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Divine Command Theory Essay Research Paper The

Divine Command Theory Essay, Research Paper The Divine Command Theory Religion and ethics are seen to be somehow inseparable in our culture. Religious leaders are usually appealed to in some capacity when

Divine Command Theory Essay, Research Paper

The Divine Command Theory

Religion and ethics are seen to be somehow inseparable in our

culture. Religious leaders are usually appealed to in some capacity when

dealing with various moral and political problems. Their opinions are

given great weight because they are thought to be in some kind of special

relationship with God that the common person does not have.

The view that God creates the moral law is often called the

“Divine Command Theory.” According to this view, what makes an action

right is that God desires it to be done. The divine command theory is the

idea that moral actions are those which correspond to God’s will. The

simplest and most common form of the Divine Command Theory states that the

phrase “morally right” actually means ” commanded by God.” Similarly,

“morally wrong” means ” forbidden by God.” Accepted, this explanation of

Divine Command Theory does not consume all possible expressions, but it is

the simple is used to introduce the theory and it is its common form. A

slightly more sophisticated form of the Divine Command Theory would be

that “something is right if and only if God commands it”, and this form

should be kept in mind.

However, if goodness is not an essential property of God, then

there is no guarantee that what he wills will be good. Even if God is

all-powerful and all knowing, it does not follow that he is all-good. One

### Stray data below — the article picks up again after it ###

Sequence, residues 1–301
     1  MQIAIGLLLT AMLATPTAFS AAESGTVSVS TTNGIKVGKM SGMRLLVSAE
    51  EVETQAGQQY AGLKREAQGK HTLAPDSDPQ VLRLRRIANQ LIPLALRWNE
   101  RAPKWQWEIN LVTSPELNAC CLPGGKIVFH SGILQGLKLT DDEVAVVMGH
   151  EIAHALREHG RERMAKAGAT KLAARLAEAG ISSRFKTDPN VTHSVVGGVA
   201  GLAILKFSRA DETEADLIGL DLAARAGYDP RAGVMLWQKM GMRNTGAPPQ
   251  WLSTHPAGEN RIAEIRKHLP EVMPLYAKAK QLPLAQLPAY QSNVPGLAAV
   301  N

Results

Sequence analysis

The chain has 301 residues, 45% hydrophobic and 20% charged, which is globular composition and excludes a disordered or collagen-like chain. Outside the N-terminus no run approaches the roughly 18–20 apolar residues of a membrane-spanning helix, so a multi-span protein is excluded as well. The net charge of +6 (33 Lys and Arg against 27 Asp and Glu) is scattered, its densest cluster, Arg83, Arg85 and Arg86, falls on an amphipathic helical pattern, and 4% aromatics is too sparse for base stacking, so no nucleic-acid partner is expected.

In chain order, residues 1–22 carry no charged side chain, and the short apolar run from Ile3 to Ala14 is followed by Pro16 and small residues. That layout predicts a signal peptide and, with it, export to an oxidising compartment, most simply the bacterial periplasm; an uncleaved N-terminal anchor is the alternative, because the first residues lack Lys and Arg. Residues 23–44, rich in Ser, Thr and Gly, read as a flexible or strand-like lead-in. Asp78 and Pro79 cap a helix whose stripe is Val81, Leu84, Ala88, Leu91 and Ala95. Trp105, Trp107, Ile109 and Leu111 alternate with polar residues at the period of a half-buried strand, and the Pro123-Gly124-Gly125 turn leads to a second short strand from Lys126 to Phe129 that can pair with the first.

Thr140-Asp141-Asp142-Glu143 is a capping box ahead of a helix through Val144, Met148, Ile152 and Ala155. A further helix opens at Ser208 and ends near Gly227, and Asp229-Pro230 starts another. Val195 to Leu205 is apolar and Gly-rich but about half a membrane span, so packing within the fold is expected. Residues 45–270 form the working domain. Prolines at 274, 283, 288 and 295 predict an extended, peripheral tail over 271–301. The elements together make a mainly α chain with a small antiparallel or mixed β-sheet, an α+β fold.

can be powerful and intelligent without being good. Thus, the Divine

Command Theory faces a dilemma: if goodness is a defining attribute of

God, the theory is circular, but if it is not a defining distinction, the

theory is false. In either case, the Divine Command Theory cannot be

considered a potential theory of morality.

The preceding considerations indicate that it is unreasonable to believe

that an action is right because God wills it to be done. One can probably

believe that God wills an action to be done because it is right, but to

believe this is to believe that the rightness of an action is independent

of God. In any event, the view that the moral law requires religion is

unsound. Plato demonstrated the logical independence of religion and

morality in the Euthyphro; the belief that morality requires God remains a

widely held moral statement. Socrates, in a discussion about the nature of

piety, asks, “Is conduct right because the gods command it, or do the gods

command it because it is right?” According to this argument theorists is

given two options: either it is good because God commands it, or God

commands it because it is good.

This first alternative that “it is good because God commands it” leads to

the idea that God’s commands are arbitrary – without justification. God

cannot appeal to the goodness of an act as justification for commanding

it, because it is the very command that makes it good. Before God’s

command, the act was neither good nor bad. God has no reason to choose one

action as a good one before God’s own command. Surely, the Divine Command

theorist would not want to admit that God’s commands are arbitrary. This

option is therefore unsound.

When this second alternative is that, “the gods command it because it is

right.” To say that God commands an action because it is good is to say

that the action is good independent of God’s command. Whether or not God

commands the action is irrelevant to that action’s goodness or badness. It

is good or bad before God’s command. There must be some independent

standard of goodness and badness that does not depend on God’s will. The

point here is that even if God were asked why he chose to command

something the reasons would have to be independent of God’s will.

This shows that morality is independent of religion. Religion is only an

enforcer of morality and not related to it. To say that morality is

dependent on morality is to state that people without religion have no

morals. The argument drawn from Plato’s Euthyphro effectively weakens the

Divine Command Theory. If it is claimed that God commands an action

because it is good, there is the consequence that morality is independent

of God’s will.

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